Skills and apprenticeships
The UK’s Summer Budget, announced last week, has drawn a mixed response from the UK construction industry. Generally speaking, the emphasis on skills –with the announcement of a business levy to fund 3 million new apprenticeships – has been well received. Mike Cowell, COO of Hope Construction Materials, which runs its own apprenticeship scheme, said: “This has been a positive budget for the industry with significant manufacturing opportunities, creating new jobs. At Hope we have a strong focus on getting more young people into a profession and these projects are important for developing the next generation into construction.”
The CBI, which recently published results of a survey showing the skills challenge facing the UK, highlighted concerns that the apprenticeships won’t deliver the high standard of training needed. They emphasised that employers must have control over the design and delivery of apprenticeships to boost quality.
Katja Hall, CBI Deputy Director-General, said: “The Government has set out its stall to create a high-skilled economy, but firms are facing a skills emergency now, threatening to starve economic growth. Worryingly, it’s those high-growth, high-value sectors with the most potential which are the ones under most pressure. That includes construction, manufacturing, science, engineering and technology.
“The new levy announced in the budget may guarantee funding for more apprenticeships, but it’s unlikely to equate to higher quality or deliver the skills that industry needs. Levies on training already exist in the construction sector where two-thirds of employers are already reporting skills shortages.”
Outside of skills, the Budget also had implications on growth in the construction sector. A reduction in rent for social housing tenants will reportedly lead to a decline in construction of affordable homes by 14 000, as they will be a less enticing investment option. Coinciding with this, the government’s plans for Right to Buy on social housing may lead to less availability on the market.
However, the government also launched the £100 million Housing Growth Partnership, which aims to support SME housebuilders and should hopefully lead to an increase in construction from that sector. Britain has a housing shortage estimated at 240 000 per year that urgently needs addressing.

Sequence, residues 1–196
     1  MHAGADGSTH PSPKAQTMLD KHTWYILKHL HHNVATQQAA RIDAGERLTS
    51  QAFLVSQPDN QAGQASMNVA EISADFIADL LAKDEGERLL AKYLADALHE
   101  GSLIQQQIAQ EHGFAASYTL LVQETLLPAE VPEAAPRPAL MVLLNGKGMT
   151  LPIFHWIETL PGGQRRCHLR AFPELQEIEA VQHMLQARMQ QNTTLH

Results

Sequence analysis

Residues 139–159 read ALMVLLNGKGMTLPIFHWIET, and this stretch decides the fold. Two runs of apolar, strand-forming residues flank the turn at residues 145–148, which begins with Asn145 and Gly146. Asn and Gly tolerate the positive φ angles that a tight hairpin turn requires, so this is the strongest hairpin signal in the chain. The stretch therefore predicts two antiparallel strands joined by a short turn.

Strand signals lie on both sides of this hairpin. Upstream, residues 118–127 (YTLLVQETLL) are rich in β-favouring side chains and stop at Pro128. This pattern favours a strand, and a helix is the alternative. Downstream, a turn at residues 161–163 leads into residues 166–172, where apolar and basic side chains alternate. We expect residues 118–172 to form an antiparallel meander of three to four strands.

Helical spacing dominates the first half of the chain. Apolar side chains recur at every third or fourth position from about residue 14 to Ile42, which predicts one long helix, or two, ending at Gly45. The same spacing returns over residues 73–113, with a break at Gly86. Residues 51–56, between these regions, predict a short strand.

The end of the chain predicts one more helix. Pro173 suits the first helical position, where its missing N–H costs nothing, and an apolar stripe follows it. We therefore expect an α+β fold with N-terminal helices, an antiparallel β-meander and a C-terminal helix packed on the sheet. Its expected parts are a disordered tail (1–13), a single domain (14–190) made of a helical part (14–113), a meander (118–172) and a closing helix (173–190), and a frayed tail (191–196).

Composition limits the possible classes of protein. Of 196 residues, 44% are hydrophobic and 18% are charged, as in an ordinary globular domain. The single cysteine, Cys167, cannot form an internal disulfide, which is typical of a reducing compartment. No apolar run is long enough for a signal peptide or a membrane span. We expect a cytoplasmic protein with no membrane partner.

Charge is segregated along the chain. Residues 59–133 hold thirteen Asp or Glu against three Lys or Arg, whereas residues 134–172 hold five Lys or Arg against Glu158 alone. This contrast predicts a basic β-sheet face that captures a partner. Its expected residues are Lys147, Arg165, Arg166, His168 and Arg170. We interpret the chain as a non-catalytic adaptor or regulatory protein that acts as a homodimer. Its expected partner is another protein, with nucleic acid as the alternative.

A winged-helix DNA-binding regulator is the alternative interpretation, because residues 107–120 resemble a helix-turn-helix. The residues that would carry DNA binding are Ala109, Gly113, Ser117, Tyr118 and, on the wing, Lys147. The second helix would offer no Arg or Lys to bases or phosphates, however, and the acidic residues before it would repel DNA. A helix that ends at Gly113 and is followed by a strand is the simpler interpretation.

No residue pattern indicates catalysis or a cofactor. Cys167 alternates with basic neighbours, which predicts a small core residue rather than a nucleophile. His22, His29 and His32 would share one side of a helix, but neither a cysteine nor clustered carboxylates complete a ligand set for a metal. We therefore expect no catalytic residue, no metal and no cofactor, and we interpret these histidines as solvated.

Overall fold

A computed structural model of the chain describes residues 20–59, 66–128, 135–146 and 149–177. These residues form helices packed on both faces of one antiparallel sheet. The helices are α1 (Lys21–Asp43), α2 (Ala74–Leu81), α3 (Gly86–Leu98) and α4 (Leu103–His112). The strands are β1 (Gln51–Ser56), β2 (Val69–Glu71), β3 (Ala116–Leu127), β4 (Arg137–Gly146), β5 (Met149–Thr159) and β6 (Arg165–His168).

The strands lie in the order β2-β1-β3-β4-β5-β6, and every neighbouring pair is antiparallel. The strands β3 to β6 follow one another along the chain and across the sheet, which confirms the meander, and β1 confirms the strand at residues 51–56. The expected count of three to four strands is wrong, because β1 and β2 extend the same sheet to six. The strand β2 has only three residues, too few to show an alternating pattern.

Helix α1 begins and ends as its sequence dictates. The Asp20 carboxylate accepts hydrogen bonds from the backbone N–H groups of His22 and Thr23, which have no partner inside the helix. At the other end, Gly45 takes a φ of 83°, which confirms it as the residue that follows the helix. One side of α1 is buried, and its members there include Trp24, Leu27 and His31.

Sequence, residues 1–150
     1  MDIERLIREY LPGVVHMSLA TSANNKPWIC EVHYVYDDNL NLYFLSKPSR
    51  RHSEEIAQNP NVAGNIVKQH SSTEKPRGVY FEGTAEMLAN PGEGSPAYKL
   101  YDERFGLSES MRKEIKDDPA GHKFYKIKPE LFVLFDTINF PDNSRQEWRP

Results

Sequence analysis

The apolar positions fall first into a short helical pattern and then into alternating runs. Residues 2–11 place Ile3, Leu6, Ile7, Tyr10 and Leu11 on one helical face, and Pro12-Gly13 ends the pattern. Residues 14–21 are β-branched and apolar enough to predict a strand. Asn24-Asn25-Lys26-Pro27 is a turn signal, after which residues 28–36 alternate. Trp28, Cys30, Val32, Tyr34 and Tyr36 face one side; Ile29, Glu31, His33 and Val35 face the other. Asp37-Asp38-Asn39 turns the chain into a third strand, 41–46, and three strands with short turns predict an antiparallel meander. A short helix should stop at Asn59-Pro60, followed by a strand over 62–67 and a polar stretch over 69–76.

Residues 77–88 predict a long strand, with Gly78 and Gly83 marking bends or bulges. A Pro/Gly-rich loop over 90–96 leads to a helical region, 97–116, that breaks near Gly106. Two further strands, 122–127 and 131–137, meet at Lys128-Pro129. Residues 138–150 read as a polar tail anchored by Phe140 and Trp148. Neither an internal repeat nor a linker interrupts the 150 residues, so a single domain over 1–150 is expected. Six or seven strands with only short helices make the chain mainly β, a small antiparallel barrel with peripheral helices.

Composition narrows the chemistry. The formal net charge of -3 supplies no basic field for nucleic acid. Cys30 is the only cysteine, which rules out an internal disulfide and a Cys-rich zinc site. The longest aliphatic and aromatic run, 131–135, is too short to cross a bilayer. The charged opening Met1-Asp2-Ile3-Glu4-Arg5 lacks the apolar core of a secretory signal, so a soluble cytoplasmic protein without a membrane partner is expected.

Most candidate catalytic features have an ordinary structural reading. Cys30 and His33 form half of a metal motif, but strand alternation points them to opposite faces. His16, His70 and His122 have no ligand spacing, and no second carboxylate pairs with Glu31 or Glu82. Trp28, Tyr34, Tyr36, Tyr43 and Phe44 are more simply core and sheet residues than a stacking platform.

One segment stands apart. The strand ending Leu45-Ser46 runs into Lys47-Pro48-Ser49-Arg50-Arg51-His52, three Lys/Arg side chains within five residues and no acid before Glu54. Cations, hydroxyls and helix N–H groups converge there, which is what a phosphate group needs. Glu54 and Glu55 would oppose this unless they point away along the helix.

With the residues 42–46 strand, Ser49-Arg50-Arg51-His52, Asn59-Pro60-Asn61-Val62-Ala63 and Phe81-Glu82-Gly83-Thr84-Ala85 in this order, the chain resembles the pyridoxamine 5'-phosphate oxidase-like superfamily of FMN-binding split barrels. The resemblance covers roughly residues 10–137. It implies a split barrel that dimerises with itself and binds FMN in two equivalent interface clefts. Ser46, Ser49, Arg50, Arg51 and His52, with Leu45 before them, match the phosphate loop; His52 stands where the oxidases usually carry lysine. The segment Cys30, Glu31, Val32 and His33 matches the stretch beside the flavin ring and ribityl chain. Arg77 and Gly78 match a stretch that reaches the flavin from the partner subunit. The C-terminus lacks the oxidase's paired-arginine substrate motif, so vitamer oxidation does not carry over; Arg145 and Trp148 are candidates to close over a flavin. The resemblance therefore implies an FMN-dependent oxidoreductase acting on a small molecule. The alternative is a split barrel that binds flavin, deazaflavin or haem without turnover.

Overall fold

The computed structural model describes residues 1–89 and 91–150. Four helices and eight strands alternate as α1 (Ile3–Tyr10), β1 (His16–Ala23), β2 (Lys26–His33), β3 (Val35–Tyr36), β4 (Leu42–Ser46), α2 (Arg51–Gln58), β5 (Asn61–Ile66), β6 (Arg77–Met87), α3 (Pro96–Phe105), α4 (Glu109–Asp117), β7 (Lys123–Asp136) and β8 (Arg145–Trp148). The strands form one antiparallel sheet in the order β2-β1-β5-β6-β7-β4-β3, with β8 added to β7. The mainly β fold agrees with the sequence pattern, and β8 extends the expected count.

Meanwhile, reform of the road tax aims to generate funds to spend on the road network, though not until 2020, which has left some questioning what will happen in the interim. Also of interest: the government is planning to fund a High Speed Rail Investment Summit in Birmingham to attract overseas investment into that region.
Mike Cowell commented: “The high speed rail investment summit in Birmingham is great news for the industry as the overseas investment to the UK on regeneration will really help growth moving forward. This is a good example of the government seeking to stimulate demand in the economy to allow UK firms to do what they do best – make things, innovate, invest and develop.”
Notable by its absence was energy efficiency, which didn’t feature in the Summer Budget. Brian Berry, Chief Executive of the Federation of Master Builders, said: “The construction industry is at a loss as to why the Government is ignoring the need to improve our current housing stock. By refusing to acknowledge the importance of these improvements, the Government is exacerbating problems such as high household fuel bills, carbon emissions and the national housing shortage.”
Edited from various sources by Katherine Guenioui
Read the article online at: https://www.worldcement.com/europe-cis/13072015/construction-industry-has-mixed-response-to-uk-budget-153/